The result, then, although differing significantly in the details, is not different in character from the way that section 13(3) was originally conceived—emergency lending power must have restraints. Certainly, just as in 1932, a much less-constrained approach to Federal Reserve lending does raise policy concerns—among them the ability of the government to pick and choose among failing firms, damage to the credibility of the Federal Reserve should an emergency loan fail, and what open-ended emergency lending means for the taxpayer. It may be time, however, to take a fresh look at revised section 13(3) and determine how to balance those issues against the historical reality that financial panics and crises usually come unexpectedly, and often for reasons not considered threatening at the time. The prophylactic approach that the Dodd-Frank Act takes in guarding against and preparing for large-firm failure may be only as successful as the ability of future policymakers to anticipate a significant crisis. Nor has the issue of financial firm interconnectedness disappeared in the years after 2008. As in 1932–1933, Congress will not necessarily act with dispatch in a crisis. It was fortunate, after all, that before coming to Washington, former Chairman Bernanke had focused on the Great Depression in his academic life.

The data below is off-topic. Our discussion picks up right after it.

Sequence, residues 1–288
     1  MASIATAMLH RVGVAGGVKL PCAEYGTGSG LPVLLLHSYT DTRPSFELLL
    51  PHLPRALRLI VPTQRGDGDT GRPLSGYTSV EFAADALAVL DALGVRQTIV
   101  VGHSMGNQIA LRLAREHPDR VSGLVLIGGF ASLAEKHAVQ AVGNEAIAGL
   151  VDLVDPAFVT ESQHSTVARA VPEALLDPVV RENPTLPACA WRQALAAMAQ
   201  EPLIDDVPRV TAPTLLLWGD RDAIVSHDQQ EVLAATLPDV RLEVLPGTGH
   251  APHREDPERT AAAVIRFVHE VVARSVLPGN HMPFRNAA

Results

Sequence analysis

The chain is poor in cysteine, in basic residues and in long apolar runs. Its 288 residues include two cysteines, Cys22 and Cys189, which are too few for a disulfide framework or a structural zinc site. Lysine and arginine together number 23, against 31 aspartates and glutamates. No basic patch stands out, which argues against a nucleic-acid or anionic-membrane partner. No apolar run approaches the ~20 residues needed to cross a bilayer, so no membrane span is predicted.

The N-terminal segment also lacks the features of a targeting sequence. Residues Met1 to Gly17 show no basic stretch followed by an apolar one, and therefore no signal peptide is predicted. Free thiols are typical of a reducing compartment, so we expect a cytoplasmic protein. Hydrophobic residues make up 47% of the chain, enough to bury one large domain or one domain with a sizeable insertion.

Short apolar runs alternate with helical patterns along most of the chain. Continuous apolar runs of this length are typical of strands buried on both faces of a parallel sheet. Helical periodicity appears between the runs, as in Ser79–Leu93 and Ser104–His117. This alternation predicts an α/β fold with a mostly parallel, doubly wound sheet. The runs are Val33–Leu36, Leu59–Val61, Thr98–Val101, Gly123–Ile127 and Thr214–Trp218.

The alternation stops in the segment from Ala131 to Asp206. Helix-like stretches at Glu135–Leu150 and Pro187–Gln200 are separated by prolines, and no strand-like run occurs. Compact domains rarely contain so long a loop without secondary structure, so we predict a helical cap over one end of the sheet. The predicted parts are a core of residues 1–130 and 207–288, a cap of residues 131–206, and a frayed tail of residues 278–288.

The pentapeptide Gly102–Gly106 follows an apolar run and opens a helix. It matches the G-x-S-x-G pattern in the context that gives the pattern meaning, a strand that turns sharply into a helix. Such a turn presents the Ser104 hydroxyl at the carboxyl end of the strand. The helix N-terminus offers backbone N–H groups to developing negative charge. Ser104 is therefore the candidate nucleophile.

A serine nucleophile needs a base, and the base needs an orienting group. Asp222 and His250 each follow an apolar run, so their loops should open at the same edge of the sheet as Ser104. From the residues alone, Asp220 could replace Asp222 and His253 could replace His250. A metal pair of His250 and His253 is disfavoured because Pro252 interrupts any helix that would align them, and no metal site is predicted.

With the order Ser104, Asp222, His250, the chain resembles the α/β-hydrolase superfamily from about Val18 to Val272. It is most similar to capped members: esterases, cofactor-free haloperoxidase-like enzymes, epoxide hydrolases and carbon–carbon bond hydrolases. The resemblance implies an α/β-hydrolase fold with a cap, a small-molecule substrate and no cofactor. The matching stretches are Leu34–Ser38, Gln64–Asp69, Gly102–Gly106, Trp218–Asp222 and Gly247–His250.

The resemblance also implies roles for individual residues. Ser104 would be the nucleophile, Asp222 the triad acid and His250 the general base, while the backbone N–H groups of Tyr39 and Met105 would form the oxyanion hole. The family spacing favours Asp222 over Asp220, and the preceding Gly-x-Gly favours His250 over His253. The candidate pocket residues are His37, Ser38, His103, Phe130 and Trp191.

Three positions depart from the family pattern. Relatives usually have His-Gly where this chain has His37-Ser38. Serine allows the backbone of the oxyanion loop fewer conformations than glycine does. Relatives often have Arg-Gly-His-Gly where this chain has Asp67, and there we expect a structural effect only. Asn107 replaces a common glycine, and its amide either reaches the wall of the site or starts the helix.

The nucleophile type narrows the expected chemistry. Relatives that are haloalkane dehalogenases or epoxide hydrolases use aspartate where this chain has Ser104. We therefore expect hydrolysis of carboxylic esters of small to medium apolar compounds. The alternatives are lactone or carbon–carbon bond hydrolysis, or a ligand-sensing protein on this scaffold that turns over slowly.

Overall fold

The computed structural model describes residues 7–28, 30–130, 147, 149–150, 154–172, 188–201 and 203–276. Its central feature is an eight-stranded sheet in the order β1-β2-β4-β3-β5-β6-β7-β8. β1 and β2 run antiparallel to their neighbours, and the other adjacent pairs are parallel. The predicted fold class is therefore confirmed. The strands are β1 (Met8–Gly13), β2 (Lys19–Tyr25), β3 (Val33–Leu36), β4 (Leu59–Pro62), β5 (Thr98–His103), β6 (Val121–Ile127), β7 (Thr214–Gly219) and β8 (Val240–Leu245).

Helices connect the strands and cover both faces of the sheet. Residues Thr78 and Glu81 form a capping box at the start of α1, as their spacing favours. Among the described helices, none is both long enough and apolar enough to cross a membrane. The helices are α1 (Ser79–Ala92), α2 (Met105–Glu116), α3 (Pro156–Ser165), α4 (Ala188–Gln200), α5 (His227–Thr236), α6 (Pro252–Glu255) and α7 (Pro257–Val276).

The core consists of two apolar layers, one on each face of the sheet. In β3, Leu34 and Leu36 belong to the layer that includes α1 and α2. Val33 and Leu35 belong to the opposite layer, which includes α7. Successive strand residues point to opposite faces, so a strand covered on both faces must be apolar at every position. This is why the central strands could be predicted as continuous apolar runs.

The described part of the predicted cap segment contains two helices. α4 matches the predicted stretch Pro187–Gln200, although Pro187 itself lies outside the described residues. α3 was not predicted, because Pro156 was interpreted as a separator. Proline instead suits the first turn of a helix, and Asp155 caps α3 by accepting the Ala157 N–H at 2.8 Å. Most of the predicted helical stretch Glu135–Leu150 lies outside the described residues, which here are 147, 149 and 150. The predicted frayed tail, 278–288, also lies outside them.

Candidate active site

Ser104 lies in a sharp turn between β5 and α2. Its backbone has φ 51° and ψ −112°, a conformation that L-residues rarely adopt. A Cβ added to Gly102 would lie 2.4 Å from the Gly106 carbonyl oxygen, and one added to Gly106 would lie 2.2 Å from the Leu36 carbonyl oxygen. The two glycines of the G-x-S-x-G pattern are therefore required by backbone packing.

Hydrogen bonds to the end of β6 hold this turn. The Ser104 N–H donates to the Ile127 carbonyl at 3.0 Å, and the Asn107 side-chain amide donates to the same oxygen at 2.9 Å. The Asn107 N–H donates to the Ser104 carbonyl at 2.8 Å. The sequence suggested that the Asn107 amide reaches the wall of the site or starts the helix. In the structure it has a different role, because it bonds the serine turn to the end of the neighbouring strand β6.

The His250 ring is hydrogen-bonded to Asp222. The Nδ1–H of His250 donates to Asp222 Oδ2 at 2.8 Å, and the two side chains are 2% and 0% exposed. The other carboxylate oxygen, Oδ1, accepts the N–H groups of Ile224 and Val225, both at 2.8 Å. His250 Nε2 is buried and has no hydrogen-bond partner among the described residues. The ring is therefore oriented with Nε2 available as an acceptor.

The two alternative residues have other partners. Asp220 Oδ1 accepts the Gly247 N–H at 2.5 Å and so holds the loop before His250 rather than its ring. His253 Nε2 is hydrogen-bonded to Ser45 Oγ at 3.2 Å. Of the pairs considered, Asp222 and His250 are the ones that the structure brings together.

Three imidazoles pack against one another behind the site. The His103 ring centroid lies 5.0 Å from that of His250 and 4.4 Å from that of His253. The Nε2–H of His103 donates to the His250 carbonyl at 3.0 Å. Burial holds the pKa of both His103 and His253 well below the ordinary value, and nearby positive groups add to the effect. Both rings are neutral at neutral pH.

[1] Damien Paletta & Josh Dawsey, Treasury Secretary Startles Wall Street with Unusual pre-Christmas Calls to Top Bank CEOs, Washington Post, Dec. 23, 2018.

[2] Id.

[3] 12 U.S.C. § 343(3).

[4] See Parinitha Sastry, The Political Origins of Section 13(3) of the Federal Reserve Act, FRBNY Economic Policy Rev., Sept. 2018, at 15.

[5] See id. at 16–17.

[6] This provision was contained in new section 10B of the Federal Reserve Act. See id. at 18.

[7] See id. at 18 n.144.

[8] See id. at 19.

[9] See id. at 20.

[10] See id.

[11] See id. at 20–21.

[12] See id. at 23.

[13] See id.

[14] See id.

[15] See id. at 25.

[16] Pub. L. 102-242, Title IV, § 473, 105 Stat. 2386.

[17] See Sastry, supra note 4, at 3.

[18] 12 U.S.C. § 343(3).

[19] Id.

[20] 12 U.S.C. § 5390(n)(6).

By: Arthur S. Long